1. BioRugby says:

      You mean the Berlin patient? He died of a relapse of the Hodgkin lymphoma that prompted the very same bone marrow transplantation procedure that cure the HIV infection. https://en.wikipedia.org/wiki/Timothy_Ray_Brown

    2. sgcox says:

      Patient had a late stage cancer. That is why marrow bone transplant. Alas, it it is not 100% cure and he relapsed. The fact that he also had HIV was just coincidence which is expected to happen eventually. He had been cured of HIV but unfortunately it did not effect final outcome 🙁

  6. Anon Investigator says:

    Derek, you wrote –

    “So it’s certainly possible that the leukemia seen in Bluebird’s patients is at least partly driven by the bone marrow transplantation procedure rather than the gene alteration part. In case you’re wondering, this could well be happening with some bone marrow transplant patients who undergo this whole procedure to treat leukemia itself, in which case it lands silently in the “relapsed” category. No, you only do bone marrow transplants when there’s no alternative.”

    It might be possible, but it’s not the reason most transplant patients relapse. It’s also detectable through sequencing of the AML blasts, as the mutations that result from chemical mutagens usually rise to a recognizable signature and karyotype in the cells that cause MDS and AML. Most transplant patients seem to relapse because of 1) insufficient eradication of the diseased clone prior to transplant or 2) outgrowth of a new clone. Sometimes giving healthy cells to diseased patients can cause the new healthy cells to turn malignant since the receiving patient’s’ vasculature and bone marrow can play a role in driving the acquisition of new somatic mutations. The disease isn’t just in the stem cells.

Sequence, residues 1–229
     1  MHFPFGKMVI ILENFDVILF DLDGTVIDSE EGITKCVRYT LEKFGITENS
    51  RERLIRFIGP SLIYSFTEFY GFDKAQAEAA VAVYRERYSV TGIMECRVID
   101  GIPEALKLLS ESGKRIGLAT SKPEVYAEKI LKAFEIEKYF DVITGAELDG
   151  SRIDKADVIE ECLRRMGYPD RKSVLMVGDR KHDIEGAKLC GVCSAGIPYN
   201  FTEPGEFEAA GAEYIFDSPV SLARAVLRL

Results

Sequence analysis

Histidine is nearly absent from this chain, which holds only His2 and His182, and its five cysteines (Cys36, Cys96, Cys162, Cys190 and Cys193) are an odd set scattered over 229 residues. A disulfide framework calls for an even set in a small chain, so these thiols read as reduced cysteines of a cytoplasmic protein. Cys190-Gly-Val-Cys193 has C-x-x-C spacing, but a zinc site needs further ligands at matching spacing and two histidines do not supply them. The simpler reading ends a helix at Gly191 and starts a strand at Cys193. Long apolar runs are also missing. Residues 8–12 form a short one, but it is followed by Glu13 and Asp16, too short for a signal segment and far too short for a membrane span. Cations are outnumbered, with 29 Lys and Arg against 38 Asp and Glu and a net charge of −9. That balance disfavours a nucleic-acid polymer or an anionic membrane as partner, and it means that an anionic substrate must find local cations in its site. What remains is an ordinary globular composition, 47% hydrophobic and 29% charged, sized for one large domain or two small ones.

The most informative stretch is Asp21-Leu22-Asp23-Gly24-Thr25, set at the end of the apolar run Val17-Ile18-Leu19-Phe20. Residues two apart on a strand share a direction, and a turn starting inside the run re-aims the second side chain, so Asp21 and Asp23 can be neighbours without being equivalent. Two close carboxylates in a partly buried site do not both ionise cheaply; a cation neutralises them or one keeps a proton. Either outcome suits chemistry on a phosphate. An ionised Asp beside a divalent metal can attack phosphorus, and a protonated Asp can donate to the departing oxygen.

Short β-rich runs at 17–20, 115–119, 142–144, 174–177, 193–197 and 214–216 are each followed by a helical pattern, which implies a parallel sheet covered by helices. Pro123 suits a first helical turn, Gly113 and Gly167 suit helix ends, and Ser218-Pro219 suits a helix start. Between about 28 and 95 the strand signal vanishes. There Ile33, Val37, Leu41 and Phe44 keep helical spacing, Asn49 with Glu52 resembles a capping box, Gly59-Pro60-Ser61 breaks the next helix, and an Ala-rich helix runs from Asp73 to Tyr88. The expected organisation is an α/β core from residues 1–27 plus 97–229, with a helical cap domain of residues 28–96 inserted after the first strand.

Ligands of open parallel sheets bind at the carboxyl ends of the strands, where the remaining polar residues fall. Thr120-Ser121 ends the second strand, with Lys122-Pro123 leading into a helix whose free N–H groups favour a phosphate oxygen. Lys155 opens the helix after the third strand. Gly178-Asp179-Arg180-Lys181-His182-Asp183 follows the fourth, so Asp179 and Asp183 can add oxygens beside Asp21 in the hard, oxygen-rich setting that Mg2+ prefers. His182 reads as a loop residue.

There is another possibility with regard to Bluebird’s therapy. All of us go around developing somatic clones in our hematopoietic stem cells, the more so as we age. The condition is called clonal hematopoiesis and is predisposing to both myeloid diseases, like MDS and AML, as well as the usual culprits associated with aging (CV etc.) We all start to exhibit somatic clones in our hematopoietic stem cells after about 40 years of age. It all depends on how deep you look, but this is really noticeable in the later decades of life. An active area of research is why some people with these mutations develop disease and others don’t. Vascular aging, of which inflammation is a part, seems to play a key role. There are clinical trials underway to see if intervention is possible.